Life in the Philadelphia region won’t be anywhere near its pre-coronavirus state, but by the end of next week, restaurants might be able to resume outdoor dining, the Phillies could be allowed to practice in Philadelphia, and the Atlantic Ocean will be open to bathers in Cape May.
However, with virus-related fatalities continuing to nudge upward and the national total surpassing 100,000, reopening timetables probably will remain subject to caveats, change — and debate.
Under Gov. Tom Wolf’s guidelines released late Wednesday, restaurants in Philadelphia and other counties due to enter the “yellow” phase of easing virus-related restrictions could resume outdoor dining, but seating capacities would be limited. Pro sports teams could practice, but spectators couldn’t watch, and players would have to be tested.
And Philadelphia Health Commissioner Thomas Farley held up a caution flag on Wednesday, suggesting it wasn’t a done deal that the city would enter the yellow phase on June 5, as per the current proposed schedule.
As for that weekend swim, nothing evidently can stop the ocean from reopening at Cape May at 10 a.m. Saturday, as officials have announced, but it wouldn’t hurt to bring a wet suit: The near-surf temperature Wednesday was 51.
While reiterating that they would not fast-forward the pace of reopening, New Jersey Gov. Phil Murphy and Pennsylvania Health Secretary Rachel Levine both suggested they were seeing reasons for optimism in the latest case figures.
With 148 deaths reported Wednesday, New Jersey’s toll rose to 11,339; Pennsylvania added 113, for a total of 5,265.
“Our overall trajectory remains positive,” said Murphy, adding that the pandemic in his state was “well past the peak.”
Said Levine, “It’s important to remember that while our total number of cases will continue to increase, the number of new reported cases continues to decline.”
Anthony Fauci, the infectious-disease expert who has been the most visible member of the White House’s coronavirus task force, said states like Pennsylvania and New Jersey should expect to see upticks in cases as they loosen restrictions. But he said simple mitigation measures — social distancing, wearing masks, washing hands — could work against a resurgence.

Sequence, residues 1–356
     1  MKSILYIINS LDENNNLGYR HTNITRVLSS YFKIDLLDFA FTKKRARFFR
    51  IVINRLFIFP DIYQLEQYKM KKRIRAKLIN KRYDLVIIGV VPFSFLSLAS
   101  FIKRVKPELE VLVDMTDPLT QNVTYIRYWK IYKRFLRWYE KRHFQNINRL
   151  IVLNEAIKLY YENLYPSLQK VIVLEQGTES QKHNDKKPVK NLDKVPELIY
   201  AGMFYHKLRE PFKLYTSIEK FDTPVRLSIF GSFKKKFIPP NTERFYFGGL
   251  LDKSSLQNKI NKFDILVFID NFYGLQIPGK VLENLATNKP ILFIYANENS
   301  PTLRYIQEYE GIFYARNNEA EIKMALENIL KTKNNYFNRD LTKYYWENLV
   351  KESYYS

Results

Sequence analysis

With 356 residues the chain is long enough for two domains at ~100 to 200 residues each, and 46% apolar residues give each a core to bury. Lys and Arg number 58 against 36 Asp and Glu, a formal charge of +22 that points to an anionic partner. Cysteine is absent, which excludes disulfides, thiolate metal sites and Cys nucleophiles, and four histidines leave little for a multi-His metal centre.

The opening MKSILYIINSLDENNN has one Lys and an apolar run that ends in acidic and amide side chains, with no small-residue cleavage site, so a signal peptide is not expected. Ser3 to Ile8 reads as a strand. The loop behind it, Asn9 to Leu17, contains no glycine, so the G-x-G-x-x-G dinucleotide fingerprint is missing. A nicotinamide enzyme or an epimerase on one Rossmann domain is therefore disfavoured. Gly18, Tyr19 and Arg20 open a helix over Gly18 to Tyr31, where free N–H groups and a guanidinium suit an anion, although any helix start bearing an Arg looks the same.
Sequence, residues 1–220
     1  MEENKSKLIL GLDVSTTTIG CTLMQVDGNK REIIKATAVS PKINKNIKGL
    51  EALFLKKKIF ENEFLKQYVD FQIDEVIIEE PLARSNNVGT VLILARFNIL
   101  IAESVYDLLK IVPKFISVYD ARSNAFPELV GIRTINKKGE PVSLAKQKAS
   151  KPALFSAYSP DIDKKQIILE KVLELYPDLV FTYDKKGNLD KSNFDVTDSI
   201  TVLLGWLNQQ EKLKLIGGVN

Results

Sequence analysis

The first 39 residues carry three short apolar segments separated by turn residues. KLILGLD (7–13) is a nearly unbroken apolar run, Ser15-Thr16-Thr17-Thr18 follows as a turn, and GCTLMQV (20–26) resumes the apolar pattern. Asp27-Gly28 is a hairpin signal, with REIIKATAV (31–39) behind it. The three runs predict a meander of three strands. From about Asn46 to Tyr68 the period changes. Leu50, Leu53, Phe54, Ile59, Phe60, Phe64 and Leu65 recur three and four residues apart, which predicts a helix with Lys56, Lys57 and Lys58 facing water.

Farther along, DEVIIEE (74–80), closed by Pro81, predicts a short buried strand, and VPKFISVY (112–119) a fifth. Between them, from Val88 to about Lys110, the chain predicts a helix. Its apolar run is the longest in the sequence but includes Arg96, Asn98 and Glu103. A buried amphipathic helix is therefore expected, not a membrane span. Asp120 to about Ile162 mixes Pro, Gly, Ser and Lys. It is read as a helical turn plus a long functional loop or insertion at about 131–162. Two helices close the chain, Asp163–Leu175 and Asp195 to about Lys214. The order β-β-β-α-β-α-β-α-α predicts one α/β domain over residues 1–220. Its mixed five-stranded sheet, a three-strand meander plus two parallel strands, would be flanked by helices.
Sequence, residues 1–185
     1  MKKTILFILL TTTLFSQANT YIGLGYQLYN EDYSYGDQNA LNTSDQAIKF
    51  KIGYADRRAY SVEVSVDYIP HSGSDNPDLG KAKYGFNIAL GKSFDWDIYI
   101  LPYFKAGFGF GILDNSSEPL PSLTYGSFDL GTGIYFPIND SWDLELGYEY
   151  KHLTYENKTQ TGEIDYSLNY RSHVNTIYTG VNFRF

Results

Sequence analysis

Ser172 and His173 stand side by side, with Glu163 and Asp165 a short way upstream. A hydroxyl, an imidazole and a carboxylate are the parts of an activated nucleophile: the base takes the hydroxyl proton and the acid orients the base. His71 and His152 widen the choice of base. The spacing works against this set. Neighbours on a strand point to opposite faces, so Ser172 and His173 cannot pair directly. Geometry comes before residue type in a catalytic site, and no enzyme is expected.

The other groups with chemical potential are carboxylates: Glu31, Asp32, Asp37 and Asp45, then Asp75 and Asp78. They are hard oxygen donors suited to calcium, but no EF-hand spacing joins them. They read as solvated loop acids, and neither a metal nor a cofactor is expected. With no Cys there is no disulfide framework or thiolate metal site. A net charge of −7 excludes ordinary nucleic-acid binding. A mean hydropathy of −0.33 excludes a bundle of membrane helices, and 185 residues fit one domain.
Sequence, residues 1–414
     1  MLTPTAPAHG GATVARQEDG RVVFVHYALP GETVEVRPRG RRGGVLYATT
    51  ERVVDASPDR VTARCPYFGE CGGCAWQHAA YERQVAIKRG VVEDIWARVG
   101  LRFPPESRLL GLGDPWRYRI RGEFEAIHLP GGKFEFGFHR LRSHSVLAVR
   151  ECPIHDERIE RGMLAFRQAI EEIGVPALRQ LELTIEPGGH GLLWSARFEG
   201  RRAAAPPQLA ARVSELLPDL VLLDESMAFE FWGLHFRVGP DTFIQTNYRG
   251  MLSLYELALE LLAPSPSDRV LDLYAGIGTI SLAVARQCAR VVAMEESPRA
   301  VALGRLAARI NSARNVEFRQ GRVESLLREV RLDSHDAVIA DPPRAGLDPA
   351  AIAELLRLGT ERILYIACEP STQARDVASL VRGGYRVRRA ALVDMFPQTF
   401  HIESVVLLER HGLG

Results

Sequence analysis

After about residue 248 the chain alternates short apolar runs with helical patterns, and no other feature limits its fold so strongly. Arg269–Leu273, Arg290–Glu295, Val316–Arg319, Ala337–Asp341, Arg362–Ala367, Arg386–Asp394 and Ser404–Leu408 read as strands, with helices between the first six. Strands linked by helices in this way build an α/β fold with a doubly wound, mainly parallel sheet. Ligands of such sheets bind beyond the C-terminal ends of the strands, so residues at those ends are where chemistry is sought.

“We can prevent this second wave,” Fauci said. “It could happen, but it is not inevitable.”
Philadelphia reported an uptick in cases on Wednesday, announcing 237 new ones, up from the 100 reported on Tuesday. Said Farley, “I’d like to see lower, but overall the trend is still down.” And he added that it would not be necessary to reach his stated goal of 50 new cases or fewer per day per 100,000 residents for the city to move into the yellow phase.
“I think that would be OK if we start to see some decrease between now and then,” he said. “I don’t think we need to have everything in place for this first stage of yellow, which is really a very careful restarting of some activities which are relatively low-risk activity."
Under Wolf’s decree, restaurants and food-service businesses will be permitted to serve guests in outdoor seating areas, but it won’t be quite like the not-so-old days. Menus won’t be reusable.
Following New Jersey’s lead, Wolf also announced that the Phillies and other professional sports teams could hold practices in the yellow counties, but no spectators will be allowed, and testing will be required for all players and other personnel.
The 76ers were to open their practice facility in Camden on Wednesday for voluntary individual workouts.
A source said the Phillies “likely” would resume spring training in Philadelphia. However, it was unclear whether Major League Baseball owners and players can reach a deal on salvaging at least some of the 2020 season. Even if they do, teams probably would play in empty stadiums.
As for when Philadelphia and all Pennsylvania counties would enter the “green” phase, Wolf said that is impossible to predict. Even in the green phase, restrictions will remain. For example, restaurant crowds will be limited, and the bar rules won’t necessarily be ideal for the singles scene.
Bar customers will have to remain seated and comply with with social distancing guidelines, remaining at least six feet from the nearest patron. Standing won’t be permitted.
Beyond that, for what the future holds during the green phase and beyond, Wolf said your guess might be as good as his:
“For all of us, there’s a new normal, and none of us at this point can tell. There’s a lot of uncertainty."
Levine said masks will be recommended during the green phase.
A poll suggested that Philadelphians have come to accept mask-wearing.
In an online survey of 626 residents conducted by the city with the University of Pennsylvania in early May, three-quarters of the respondents said they favored people wearing masks whenever they left their residences.
“If you are the one out of four who doesn’t get it," said Mayor Jim Kenney, "your neighbors know how important this is to keep their families and friends safe, and we need you to get with the program.”